When Things Go Awry, Agitation & Self-Talk

Pixabay: johnhain Free for commercial use; No attribution required

Sometimes small things agitate me; today it was forgetting to bring my health insurance card to a medical appointment.

As soon as I walked in to the lab, I realized my new insurance card was at home. The sign in the receptionist’s window said cards were required for service. I hoped they’d let me email them a copy when I got home; I feared they’d tell me no card, no service, and I’d have to go home and get it.

This would be an unexpected change in my plans; a change I didn’t want. Unmet expectations are not uncommon in life; they are what they are. But sometimes those unmet expectations—things not going the way I want them to go—can trigger an inner reaction.

When that happens, I’m trying to pay attention to how my body reacts; because my body usually sends me signals before anything else.

Today I felt an inner agitation arise; an unpleasant sensation. In an effort to not have it grab hold of me and produce a reaction I didn’t want—snapping at the receptionist or criticizing myself for forgetting my card—I took a breath and focused on the physical feeling of unpleasant agitation.

The idea of focused awareness is one I’m learning from my meditation program. It provides a space in which to separate the physical response of unpleasantness, from the potential ego-reaction of anger or blame. It helps me imagine being inside a warm dry room—calm and still—while looking through a window and observing a potential storm brewing outside.

As I focused on the physical sensations, I became aware of inner self-talk; voices that wanted to express anger and judgment; an approaching storm. I recognized that the voices were separate from the physical sensations. There were two things happening: the physical and the emotional. Between those two things there was space, however small; space in which I—as a person with agency—could choose how to respond.

Part of me wanted to resist the physical sensation; to deny I was even experiencing physical distress. Part of me wanted to jump to one of the emotional responses bashing around in my head, while another part wanted to push the angry and judgmental inner voices away; to resist and eliminate them.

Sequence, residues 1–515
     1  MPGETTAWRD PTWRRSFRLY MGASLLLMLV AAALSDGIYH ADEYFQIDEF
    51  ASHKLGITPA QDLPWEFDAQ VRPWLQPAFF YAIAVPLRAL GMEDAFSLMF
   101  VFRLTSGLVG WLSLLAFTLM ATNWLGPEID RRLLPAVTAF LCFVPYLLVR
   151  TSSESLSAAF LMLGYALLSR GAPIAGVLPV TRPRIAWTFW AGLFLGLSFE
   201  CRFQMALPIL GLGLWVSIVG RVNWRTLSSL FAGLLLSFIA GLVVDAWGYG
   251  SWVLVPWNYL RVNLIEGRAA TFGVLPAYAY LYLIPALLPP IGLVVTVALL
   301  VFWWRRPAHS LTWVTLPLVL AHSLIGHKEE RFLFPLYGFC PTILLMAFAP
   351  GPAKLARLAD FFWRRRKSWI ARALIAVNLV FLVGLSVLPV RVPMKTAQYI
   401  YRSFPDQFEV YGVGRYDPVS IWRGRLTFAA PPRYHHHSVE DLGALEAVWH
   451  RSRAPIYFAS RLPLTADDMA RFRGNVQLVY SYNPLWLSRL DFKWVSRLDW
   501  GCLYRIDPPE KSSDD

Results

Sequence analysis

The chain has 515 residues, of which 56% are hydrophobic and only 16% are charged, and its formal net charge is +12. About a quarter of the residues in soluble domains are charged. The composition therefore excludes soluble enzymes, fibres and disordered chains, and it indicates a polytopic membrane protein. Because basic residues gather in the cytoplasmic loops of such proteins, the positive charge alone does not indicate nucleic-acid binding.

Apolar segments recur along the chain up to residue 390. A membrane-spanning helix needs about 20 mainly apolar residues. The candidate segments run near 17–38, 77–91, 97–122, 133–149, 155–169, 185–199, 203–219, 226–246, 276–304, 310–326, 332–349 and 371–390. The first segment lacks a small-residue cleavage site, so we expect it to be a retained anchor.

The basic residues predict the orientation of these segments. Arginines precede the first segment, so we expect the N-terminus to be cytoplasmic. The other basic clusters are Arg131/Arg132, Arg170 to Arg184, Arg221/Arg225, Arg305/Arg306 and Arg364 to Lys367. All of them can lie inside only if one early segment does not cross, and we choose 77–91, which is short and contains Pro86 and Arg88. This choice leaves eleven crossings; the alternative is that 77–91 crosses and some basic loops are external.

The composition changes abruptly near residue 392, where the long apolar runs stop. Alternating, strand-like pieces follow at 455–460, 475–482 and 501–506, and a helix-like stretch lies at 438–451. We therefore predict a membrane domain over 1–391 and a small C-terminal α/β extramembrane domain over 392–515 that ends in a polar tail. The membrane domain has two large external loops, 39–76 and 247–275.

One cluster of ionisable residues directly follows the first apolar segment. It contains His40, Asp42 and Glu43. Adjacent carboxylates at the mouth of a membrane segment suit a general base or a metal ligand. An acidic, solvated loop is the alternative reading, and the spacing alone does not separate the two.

As I continued to breathe and experience my physical sensations, I was able to avoid jumping to an emotional reaction. I could see a character who wanted to get angry at the receptionist and another character wanting to blame me for forgetting the card, but by staying present to and aware of the physical sensations—and observing what was going on—I stayed balanced.  I was witnessing a possible storm brewing, but I remained on the dry side of the window.

The receptionist called me forward. No card? No service.

I headed to my car to drive home; the physical agitation was still present, but diminished. I was aware I had felt anger and blame within, but I hadn’t expressed them outwardly. I allowed their existence; accepted them without expressing them. I kept paying attention to my breath.

As I started my car, my meditation app started to broadcast the day’s lesson through my car’s speakers. If I wanted something on-point for that moment, life delivered. I listened to these words, on a recurring loop, as I drove home to get my card.

“When confronted by a challenging emotion, rather than touch it, rather than get involved, simply watch; as if watching from the eye of a hurricane, a place of complete and utter stillness. With this analogy we’re not denying the emotion, we’re not negating it, we’re still allowing room to feel the emotion, to understand the emotion. But we’re not getting swept away by it, we’re not getting caught up with it. That idea of a hurricane, that place right at the heart, where there’s complete and utter stillness, there’s permission for the emotion to exist, but there’s a witnessing of it, from a place of clarity, which is really unusual; typically, we’re just swept away by it. In those moments, use that moment of stillness to understand the emotion, to get a sense of how we relate to that particular emotion in our life. The more we do that, the more clearly we see it, the less power it has over us. And in time, we begin to develop a healthier, happier relationship, not just with that emotion, but with all of our emotions.” [Headspace meditation app]


Photo source: johnhain on Pixabay

Addendum: The relationship between the physical signals our body sends us and how we interpret them—the emotions we ascribe to those sensations—is being studied. For a different perspective on emotions, check out this blog post, a good overview of an Invisibilia podcast on emotions.


6 thoughts on “When Things Go Awry, Agitation & Self-Talk

  1. Marie Schrader

    I saw an interesting you tube video today about the effects of music, voice, and thoughts on a drop of water. This reminded me of that video in that our bodies are mostly made of water and the power of just our thoughts can adversely affect it.

    Liked by 1 person

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